Course Professor Term
6204 Tevfik Dalgic For Fall and Spring 2011 PLEASE CHECK UTD CLASSROOM ALLOCATIONS Meetings AT THE UTD WEB SITE-COURSE LOOK
Professor’s Contact Information Office Phone 972-883 2770
Other Phone Office Location Email Address Office Hours Other Information
SOM 4.416 [email protected]
Please send me an e-mail to set up an appointment Please check your E-Learning e-mail regularly for updates and other info
General Course Information
Pre-requisites, Corequisites, & other restrictions Course Description
This is a graduate course explaining the external environmental factors, their roles and impacts on the management of international companies from a global perspective. This course aims at preparing students to appreciate the dynamics of global economy in general and the global business environmental factors in particular. Ever changing environmental factors shape the very existence of business organizations; in terms of, strategic management, decision-making, strategic management, marketing, human resource management and operational management issues. This course will cover the main macro-environmental forces, namely; Political, Economic, Social-cultural-ethical and Technological within the context of the global business.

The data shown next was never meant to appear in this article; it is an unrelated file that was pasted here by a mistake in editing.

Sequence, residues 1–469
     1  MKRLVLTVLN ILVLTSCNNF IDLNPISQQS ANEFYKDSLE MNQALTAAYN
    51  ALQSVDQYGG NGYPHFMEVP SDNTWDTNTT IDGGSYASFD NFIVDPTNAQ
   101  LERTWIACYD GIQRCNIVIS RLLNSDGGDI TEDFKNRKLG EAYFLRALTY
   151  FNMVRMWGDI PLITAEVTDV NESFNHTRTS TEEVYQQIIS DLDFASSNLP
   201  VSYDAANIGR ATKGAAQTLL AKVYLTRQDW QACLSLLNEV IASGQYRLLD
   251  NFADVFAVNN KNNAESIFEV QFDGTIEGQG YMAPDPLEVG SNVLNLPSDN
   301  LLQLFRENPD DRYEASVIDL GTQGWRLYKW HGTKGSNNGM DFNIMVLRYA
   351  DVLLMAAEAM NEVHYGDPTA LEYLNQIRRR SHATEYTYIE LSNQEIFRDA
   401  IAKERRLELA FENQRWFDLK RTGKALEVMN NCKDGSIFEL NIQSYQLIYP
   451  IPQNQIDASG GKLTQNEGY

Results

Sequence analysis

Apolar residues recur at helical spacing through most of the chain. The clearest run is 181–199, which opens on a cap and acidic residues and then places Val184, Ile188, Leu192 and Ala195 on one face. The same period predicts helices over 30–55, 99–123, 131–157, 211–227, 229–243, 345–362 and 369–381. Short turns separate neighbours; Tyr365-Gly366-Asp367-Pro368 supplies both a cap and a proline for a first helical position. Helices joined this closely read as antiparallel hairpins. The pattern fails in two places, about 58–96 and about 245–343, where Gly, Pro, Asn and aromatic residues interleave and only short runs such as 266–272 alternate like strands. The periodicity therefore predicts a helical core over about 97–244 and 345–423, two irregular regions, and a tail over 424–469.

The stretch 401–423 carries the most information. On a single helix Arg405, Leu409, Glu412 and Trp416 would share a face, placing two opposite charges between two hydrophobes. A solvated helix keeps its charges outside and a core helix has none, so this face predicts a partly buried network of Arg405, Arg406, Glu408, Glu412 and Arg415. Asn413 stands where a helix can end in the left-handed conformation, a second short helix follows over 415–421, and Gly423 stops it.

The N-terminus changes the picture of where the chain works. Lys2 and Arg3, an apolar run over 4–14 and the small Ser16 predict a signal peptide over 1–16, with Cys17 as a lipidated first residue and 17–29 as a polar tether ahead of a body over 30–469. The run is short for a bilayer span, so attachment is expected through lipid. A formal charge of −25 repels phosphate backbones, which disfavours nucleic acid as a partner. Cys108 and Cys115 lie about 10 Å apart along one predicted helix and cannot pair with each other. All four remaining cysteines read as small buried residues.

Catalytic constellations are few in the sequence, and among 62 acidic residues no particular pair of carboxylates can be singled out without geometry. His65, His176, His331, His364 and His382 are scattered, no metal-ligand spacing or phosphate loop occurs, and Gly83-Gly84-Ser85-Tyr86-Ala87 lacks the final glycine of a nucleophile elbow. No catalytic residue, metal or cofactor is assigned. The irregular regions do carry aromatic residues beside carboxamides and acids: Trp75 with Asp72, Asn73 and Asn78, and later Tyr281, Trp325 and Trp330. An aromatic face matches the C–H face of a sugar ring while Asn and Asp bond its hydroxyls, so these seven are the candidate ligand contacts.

Students will be exposed to the opportunities and challenges of globalization with a business objective in mind. This course also serves as a base for understanding of other related international management courses; namely, international marketing management, international human resource management, multinational firm, management of international organization behavior and multinational strategic management.
Tamer Cavusgil, Gary Knight and John Riesenberger-International Business:Strategy, Management and the New Realities (Pearson-PrenticeRequired Texts & Hall, 2008)-Prentice-Hall-Custom Book-This book contains Group Cases.
“Ethics and International Business” Chapter will be sent to students as a PDF file from the 2nd. Edition of the Textbook.
Assignments & Academic Calendar
[Topics, Reading Assignments, Due Dates, Exam Dates]
PLEASE NOTE THAT THIS PROGRAM IS A GENERIC ONE AND WILL BE ADAPTED ACCORDING TO THE UTD CALENDAR DURING THE FIRST CLASS.
The subjects will be covered in the following order: